Vice-President-elect Kamala Harris directly addressed algorithmic discrimination in her presidential campaign, and the cause has been championed by the newly announced appointee to the White House’s Office for Science and Technology Policy (OSTP), Alondra Nelson. A sociology professor at the Institute for Advanced Study at Princeton University, Nelson has been outspoken on the detrimental impact AI can have on the lives of minorities. She has suggested that more proactive regulation may prove necessary in addressing racial bias in these software platforms.
“When we provide inputs to the algorithm… we are making human choices,” Nelson said during the press conference announcing her appointment. “That’s why, in my career, I’ve always sought to understand the perspective of people and communities who are not usually in the room when the inputs are made, but who live with the outputs nonetheless. As a black woman researcher, I am keenly aware of those who are missing from these rooms.”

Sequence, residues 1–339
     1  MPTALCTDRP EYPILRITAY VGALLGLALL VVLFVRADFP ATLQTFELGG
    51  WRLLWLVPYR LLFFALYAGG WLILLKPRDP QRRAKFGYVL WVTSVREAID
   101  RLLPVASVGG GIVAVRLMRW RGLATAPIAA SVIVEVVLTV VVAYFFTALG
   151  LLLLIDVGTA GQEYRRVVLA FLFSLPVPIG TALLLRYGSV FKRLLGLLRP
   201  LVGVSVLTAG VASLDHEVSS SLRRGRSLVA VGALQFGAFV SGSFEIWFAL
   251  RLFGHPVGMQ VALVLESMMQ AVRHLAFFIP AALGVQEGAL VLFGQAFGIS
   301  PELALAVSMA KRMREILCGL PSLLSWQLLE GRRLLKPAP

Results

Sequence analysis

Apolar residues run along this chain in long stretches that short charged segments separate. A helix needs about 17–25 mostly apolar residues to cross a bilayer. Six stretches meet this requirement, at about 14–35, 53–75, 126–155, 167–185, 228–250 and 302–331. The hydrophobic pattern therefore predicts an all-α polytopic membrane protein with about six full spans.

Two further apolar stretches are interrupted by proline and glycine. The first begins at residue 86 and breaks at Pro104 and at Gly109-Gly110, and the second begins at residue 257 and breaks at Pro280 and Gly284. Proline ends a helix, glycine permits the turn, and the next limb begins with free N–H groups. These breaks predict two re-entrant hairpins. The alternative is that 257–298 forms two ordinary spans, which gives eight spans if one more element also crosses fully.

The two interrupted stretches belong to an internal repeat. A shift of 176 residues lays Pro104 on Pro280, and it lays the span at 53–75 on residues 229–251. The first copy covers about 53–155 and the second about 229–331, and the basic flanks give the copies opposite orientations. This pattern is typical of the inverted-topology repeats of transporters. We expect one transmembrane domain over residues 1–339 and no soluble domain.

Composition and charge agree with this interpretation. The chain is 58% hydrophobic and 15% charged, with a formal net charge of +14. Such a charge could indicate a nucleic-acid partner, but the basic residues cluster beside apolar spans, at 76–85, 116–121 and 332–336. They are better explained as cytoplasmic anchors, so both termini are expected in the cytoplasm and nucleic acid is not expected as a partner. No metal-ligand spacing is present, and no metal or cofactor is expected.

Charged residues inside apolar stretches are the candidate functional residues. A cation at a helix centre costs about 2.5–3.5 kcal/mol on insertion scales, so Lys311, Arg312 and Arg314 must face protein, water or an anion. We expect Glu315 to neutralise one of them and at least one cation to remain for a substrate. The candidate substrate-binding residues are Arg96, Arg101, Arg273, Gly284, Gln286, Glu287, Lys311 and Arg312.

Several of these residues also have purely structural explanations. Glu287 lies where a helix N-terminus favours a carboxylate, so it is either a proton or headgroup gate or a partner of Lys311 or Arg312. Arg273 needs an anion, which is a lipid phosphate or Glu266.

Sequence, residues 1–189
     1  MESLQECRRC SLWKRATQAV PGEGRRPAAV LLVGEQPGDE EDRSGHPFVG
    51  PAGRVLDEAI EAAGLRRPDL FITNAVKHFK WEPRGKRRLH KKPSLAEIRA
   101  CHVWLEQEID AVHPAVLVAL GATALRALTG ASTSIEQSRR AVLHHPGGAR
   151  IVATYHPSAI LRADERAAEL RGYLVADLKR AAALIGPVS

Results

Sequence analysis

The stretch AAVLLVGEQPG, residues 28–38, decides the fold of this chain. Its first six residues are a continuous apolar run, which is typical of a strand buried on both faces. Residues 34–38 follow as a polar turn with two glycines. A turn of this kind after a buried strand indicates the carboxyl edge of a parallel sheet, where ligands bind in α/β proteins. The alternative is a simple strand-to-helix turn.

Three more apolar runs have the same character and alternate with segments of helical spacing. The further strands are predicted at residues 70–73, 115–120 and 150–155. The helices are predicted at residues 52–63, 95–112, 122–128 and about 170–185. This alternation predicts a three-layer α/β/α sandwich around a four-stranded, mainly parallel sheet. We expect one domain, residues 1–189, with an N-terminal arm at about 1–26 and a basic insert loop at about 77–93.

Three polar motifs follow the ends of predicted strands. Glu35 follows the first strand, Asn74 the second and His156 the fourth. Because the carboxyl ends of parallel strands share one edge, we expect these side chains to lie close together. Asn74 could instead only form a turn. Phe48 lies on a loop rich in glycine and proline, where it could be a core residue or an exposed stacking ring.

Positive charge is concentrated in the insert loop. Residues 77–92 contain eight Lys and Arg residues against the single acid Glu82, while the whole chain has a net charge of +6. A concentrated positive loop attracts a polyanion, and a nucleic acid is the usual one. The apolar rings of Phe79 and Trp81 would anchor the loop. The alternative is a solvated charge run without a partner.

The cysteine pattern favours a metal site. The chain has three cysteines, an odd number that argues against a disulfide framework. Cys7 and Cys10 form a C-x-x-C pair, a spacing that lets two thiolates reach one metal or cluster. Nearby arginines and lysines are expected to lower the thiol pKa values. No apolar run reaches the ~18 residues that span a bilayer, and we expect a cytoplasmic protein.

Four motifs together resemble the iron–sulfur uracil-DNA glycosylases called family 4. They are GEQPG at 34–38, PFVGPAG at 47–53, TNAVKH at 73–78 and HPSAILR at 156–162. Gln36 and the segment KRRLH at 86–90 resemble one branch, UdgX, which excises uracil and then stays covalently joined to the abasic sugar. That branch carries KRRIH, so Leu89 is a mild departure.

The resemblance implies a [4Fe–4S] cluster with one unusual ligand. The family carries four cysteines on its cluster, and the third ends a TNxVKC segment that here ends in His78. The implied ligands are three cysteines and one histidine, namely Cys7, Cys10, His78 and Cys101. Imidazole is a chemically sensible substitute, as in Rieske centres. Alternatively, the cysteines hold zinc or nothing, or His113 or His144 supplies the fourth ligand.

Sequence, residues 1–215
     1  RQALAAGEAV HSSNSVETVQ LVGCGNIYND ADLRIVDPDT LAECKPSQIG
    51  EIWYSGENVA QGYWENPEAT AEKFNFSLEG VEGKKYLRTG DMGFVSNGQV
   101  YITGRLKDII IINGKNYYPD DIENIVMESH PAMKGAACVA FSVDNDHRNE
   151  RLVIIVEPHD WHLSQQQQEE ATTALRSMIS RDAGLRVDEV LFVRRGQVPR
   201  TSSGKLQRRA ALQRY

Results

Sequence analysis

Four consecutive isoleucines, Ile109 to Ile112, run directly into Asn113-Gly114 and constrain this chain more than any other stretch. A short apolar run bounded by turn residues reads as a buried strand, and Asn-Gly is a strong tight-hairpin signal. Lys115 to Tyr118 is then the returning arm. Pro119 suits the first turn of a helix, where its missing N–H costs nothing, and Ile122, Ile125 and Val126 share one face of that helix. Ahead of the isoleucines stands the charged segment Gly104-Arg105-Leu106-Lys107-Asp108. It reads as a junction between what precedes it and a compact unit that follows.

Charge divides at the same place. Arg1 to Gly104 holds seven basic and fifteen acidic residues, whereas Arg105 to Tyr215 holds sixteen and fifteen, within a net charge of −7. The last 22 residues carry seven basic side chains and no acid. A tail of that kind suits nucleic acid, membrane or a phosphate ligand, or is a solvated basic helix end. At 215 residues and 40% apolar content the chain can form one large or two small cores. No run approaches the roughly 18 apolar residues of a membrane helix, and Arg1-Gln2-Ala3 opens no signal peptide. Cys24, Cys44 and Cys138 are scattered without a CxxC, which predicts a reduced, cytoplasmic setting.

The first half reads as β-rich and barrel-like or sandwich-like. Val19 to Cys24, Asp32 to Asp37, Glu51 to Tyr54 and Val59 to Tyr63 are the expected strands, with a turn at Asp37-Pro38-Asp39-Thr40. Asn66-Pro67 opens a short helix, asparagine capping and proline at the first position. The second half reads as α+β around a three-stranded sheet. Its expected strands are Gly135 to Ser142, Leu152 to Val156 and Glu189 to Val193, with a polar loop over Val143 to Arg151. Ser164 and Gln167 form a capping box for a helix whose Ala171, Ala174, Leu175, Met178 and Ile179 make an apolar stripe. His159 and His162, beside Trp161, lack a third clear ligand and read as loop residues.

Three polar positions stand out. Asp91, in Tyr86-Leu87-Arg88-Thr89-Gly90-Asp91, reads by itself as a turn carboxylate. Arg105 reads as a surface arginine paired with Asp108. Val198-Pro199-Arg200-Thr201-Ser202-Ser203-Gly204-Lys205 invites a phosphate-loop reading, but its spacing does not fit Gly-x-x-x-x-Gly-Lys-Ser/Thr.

According to Alex Engler, a Rubinstein Fellow in artificial intelligence and governance at the Brookings Institution, the federal government needs to take a stand against algorithmic bias. Nelson’s appointment is just the first step. “If you have sensible regulations that punish lazy and bad actors, people who are building half-assed AI systems that maybe do something that sounds fancy but are not robust or discriminatory, or have all sorts of unintended consequences, you can do that right now and get away with it,” he says.
Atkinson agrees that algorithmic discrimination should be illegal but questions its ubiquity. “There’s no way the federal government should be allowing the deployment of racially or gender-biased AI facial recognition systems,” he says. “But to say that that’s inherent is just simply wrong.”